“We’re seeing shippers say, ‘I need different strategies to value my incumbents,’” said Ben Cubitt, senior vice president of supply chain and transportation at the 3PL Transplace. His shipper customers are approaching motor carriers early and agreeing not to put their business up for bid, or accepting a moderate rate increase to keep those core carriers, he said.

When it comes to last-mile and package pricing, Haber said UPS and FedEx are trying to get shippers into long-term contracts to better plan their own capacity needs. He thinks parcel capacity constraints will ease as additional workers hired in 2020 stay on at the carriers into 2021.

“But all of this, of course, is dependent on the availability of a [COVID-19] vaccine, which will impact last-mile delivery capacity availability — by how much is anyone’s guess right now,” he said.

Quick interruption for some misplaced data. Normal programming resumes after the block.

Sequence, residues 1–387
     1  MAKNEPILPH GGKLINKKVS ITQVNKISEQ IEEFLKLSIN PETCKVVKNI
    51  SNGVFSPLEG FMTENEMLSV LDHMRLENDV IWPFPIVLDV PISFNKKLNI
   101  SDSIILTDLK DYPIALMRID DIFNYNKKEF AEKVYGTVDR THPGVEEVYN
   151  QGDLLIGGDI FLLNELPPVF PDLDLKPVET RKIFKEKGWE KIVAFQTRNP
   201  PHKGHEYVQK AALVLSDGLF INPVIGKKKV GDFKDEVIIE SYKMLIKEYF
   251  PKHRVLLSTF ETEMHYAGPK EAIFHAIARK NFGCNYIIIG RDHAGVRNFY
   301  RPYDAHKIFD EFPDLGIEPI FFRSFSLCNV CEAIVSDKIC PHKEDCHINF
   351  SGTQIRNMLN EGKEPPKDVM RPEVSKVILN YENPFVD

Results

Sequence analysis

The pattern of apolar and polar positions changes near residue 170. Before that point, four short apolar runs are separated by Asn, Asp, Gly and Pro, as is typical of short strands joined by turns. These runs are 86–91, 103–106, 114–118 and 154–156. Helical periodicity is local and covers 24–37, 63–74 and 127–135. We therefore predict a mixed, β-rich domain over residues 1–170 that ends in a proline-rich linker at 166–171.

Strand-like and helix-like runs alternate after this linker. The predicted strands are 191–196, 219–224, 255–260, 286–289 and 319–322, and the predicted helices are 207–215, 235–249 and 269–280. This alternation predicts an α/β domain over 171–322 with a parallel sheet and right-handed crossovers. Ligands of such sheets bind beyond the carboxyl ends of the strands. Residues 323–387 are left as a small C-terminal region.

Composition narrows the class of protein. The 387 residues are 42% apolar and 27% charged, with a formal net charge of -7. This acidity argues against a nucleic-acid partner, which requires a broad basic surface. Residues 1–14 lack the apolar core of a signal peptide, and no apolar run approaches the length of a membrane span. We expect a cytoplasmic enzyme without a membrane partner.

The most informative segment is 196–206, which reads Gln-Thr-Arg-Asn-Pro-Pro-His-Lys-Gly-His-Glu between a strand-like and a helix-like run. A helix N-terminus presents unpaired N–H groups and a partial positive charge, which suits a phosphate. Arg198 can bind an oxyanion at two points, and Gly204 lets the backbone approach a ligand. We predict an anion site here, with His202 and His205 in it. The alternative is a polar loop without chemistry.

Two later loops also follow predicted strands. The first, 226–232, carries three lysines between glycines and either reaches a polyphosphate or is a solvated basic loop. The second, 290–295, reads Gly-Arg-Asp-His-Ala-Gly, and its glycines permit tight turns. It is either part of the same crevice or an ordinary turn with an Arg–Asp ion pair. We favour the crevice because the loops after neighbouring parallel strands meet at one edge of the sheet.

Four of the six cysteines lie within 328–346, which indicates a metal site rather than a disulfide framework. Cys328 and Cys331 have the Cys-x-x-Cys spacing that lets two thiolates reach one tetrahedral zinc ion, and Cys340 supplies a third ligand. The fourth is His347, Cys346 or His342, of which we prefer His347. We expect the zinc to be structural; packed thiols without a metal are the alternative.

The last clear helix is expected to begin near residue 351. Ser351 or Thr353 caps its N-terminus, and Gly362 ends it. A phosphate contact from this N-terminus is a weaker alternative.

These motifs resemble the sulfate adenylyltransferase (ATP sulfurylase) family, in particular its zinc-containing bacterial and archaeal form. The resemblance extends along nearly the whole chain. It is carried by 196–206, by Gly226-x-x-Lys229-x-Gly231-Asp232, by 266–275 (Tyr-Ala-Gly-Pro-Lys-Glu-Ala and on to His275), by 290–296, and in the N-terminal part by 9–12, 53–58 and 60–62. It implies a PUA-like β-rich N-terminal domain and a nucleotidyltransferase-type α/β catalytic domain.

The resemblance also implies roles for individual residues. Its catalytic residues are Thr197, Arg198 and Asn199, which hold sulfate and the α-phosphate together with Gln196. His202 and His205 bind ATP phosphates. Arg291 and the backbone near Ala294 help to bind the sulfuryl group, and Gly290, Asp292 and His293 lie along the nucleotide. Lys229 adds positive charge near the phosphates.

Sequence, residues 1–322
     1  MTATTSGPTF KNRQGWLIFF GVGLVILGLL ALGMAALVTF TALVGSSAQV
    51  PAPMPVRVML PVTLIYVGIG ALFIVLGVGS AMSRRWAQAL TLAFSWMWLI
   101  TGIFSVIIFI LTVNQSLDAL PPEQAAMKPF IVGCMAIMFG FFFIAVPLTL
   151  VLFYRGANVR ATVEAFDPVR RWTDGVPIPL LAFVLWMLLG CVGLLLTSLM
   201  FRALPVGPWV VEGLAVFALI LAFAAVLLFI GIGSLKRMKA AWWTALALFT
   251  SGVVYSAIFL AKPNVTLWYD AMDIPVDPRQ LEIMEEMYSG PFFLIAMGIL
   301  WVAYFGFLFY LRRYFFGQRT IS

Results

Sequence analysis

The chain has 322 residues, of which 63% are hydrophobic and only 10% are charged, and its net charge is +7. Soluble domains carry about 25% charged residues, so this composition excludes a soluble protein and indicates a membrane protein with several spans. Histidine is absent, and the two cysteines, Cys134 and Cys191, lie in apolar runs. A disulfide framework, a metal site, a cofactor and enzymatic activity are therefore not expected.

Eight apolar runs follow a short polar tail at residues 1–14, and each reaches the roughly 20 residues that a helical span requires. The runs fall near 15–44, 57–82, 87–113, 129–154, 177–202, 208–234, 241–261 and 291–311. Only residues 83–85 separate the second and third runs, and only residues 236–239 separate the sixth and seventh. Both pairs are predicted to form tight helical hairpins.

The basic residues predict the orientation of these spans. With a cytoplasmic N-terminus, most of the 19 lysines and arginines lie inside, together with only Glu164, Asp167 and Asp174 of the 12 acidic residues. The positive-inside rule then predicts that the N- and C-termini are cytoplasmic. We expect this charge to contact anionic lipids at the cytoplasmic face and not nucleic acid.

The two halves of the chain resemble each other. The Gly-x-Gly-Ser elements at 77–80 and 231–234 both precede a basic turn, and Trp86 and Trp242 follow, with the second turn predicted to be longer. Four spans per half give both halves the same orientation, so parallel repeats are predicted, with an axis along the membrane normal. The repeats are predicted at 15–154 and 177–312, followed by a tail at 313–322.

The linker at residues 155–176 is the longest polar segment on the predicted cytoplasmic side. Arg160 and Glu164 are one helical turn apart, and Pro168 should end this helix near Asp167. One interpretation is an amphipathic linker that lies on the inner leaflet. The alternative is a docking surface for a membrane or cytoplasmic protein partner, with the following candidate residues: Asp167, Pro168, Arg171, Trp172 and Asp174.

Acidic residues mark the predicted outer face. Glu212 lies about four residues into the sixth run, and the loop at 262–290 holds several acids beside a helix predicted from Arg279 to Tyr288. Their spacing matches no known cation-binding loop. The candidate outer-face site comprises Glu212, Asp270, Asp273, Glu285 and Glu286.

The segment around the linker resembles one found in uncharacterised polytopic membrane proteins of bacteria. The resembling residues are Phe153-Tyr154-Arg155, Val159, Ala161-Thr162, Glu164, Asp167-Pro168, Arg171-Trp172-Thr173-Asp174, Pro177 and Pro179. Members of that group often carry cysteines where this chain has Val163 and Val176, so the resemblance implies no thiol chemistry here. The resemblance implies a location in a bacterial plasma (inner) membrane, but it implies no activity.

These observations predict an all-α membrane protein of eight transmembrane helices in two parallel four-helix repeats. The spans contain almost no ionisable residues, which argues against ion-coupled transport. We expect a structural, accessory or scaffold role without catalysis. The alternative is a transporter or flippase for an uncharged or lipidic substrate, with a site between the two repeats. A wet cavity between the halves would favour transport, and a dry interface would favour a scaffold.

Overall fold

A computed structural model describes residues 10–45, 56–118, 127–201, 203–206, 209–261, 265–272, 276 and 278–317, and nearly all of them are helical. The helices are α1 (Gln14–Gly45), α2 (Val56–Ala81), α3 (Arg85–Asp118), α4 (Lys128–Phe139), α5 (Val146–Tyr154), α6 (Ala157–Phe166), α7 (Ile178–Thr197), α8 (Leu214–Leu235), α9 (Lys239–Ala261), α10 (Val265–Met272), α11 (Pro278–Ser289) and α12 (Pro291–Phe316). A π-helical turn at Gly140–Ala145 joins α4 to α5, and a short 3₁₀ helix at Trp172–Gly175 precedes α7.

Air cargo’s capacity problem

While ocean carriers managed — some might even say restricted — capacity this year, airlines simply lost it.

A significant percentage of available global air freight capacity is carried in the bellies of passenger aircraft, the vast majority of which were grounded when international travel bans were imposed in late March. That slashed cargo space on the trans-Pacific, Asia–Europe, and Europe–North America routes in half overnight. Some destinations were even more severely affected, such as routes to South America, where as much as 70 percent of cargo travels in passenger planes.